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Charter challenge of forced psychiatric treatment filed in BC Supreme Court

Vancouver, BC [September 13, 2016] – Two individuals and the Council of Canadians with Disabilities filed a legal action in the BC Supreme Court today to challenge a BC law that forces psychiatric treatment on people without their consent. The case alleges that the law violates the Canadian Charter of Rights and Freedoms.

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Family files human rights complaint challenging EI maternity and parental benefits clawback

Vancouver [May 16, 2016] The Community Legal Assistance Society has filed a human rights complaint on behalf of a BC woman who had her Employment Insurance (EI) maternity and parental benefits taken away because her partner receives disability assistance. The complaint alleges that the BC government is engaging in sex discrimination contrary to human rights law by depriving women of these benefits.

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BC Veterinary Medical Association Engages in Systemic Discrimination Against Indo-Canadian Veterinarians

In a landmark decision the BC Human Rights Tribunal has recently ruled, after a very lengthy hearing, that the BC Veterinary Medical Association (BCVMA) engaged in systemic discrimination against a group of thirteen Indo-Canadian vets operating discount clinics in the Lower Mainland.

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Families of children with Type 1 Diabetes file human rights complaint

Vancouver [March 3, 2015] — On March 2, 2015 two families of children with Type 1 Diabetes filed human rights complaints about diabetes care in school. The Ministries responsible for providing diabetes care, the Ministries of Health, Education, and Children and Family Development, are offering one standardized care plan for all children in BC and refusing to allow any changes to the plan to accommodate differences between children.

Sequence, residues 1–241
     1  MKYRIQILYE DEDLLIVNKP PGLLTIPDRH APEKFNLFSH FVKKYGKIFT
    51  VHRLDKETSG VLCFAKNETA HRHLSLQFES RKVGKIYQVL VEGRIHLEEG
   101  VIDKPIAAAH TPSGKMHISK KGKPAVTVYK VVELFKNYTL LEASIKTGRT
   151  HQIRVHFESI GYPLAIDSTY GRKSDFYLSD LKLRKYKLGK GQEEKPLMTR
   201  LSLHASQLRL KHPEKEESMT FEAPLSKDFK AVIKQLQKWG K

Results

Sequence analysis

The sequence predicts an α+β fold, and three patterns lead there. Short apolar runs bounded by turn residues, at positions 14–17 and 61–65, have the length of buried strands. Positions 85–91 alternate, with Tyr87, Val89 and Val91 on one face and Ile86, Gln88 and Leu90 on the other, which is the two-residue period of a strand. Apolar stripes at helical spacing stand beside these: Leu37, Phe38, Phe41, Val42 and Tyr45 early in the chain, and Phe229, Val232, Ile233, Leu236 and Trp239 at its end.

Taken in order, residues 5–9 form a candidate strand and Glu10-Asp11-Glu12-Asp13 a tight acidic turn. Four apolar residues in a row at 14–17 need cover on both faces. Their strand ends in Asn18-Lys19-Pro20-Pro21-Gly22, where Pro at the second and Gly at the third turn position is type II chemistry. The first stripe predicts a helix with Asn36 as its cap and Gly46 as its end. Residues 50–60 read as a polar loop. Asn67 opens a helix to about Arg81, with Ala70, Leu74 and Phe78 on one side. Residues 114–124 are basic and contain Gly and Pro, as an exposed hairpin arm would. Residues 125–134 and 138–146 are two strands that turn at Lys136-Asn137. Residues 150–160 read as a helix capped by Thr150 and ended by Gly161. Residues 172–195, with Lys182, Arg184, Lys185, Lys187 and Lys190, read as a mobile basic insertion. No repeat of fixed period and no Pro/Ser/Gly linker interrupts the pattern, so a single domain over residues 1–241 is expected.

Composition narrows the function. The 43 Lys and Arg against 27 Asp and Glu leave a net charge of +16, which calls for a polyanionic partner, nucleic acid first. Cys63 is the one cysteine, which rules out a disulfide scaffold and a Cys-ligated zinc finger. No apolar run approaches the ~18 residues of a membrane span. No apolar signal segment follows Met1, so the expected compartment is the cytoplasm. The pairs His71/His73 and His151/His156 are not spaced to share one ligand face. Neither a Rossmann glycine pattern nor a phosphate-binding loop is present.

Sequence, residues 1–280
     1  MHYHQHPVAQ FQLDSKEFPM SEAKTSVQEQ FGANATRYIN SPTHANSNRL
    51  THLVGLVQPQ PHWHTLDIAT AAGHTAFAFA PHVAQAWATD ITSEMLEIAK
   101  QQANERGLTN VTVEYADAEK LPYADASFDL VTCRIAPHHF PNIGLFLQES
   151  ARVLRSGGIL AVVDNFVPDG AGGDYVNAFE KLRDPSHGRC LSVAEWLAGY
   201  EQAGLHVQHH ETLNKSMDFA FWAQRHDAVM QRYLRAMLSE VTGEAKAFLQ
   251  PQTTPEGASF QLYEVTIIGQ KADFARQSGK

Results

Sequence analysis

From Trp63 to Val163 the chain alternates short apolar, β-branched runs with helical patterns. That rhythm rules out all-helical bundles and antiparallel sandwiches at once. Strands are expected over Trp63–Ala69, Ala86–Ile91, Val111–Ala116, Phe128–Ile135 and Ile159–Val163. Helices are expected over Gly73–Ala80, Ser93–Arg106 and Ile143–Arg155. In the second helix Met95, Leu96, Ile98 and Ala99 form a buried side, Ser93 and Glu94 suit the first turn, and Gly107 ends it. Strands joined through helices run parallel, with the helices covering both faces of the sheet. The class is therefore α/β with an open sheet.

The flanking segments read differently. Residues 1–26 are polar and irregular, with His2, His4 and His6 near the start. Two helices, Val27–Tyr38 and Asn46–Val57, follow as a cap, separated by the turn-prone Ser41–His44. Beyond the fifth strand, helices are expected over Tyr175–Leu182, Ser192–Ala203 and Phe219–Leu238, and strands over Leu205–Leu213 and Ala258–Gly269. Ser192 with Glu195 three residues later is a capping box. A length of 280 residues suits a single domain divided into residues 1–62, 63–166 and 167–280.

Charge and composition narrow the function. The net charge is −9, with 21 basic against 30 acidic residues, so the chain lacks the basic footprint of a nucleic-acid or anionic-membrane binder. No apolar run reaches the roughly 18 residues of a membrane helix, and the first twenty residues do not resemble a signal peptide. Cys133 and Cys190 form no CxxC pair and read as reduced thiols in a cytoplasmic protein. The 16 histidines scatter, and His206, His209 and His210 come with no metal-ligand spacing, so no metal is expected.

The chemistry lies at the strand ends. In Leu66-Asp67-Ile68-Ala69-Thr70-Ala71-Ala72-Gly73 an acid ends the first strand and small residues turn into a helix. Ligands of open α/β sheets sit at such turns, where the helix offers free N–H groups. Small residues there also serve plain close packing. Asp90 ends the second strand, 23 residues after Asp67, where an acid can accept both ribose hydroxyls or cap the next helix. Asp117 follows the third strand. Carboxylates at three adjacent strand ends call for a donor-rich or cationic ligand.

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Families file lawsuit challenging the claw back of child support

Vancouver [October 15, 2014] – On October 14, 2014, three families and the Single Mothers’ Alliance of BC filed a legal action in the BC Supreme Court to challenge the claw back of child support payments from families on income and disability assistance in BC. The case alleges that deducting child support from families on assistance violates their right to equality under the Canadian Charter of Rights and Freedoms.

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Temporary foreign workers defend right to see evidence against them in human rights complaint against Tim Hortons

On March 27 and 28, 2014, four former temporary foreign workers from Mexico will be represented in Supreme Court to defend an order by the BC Human Rights Tribunal (the “Tribunal”) that requires Tim Hortons to disclose its corporate Operating Manual to them.  

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New report finds that BC’s residential tenancy system is plagued by unfairness

A new report by a legal advocacy organization identifies significant and persistent unfairness at the Residential Tenancy Branch, the body charged with administering BC’s tenancy laws. The report, entitled “On Shaky Ground: Fairness at the Residential Tenancy Branch,” sets out the ways in which this unfairness is jeopardizing the protections set out in BC’s tenancy laws.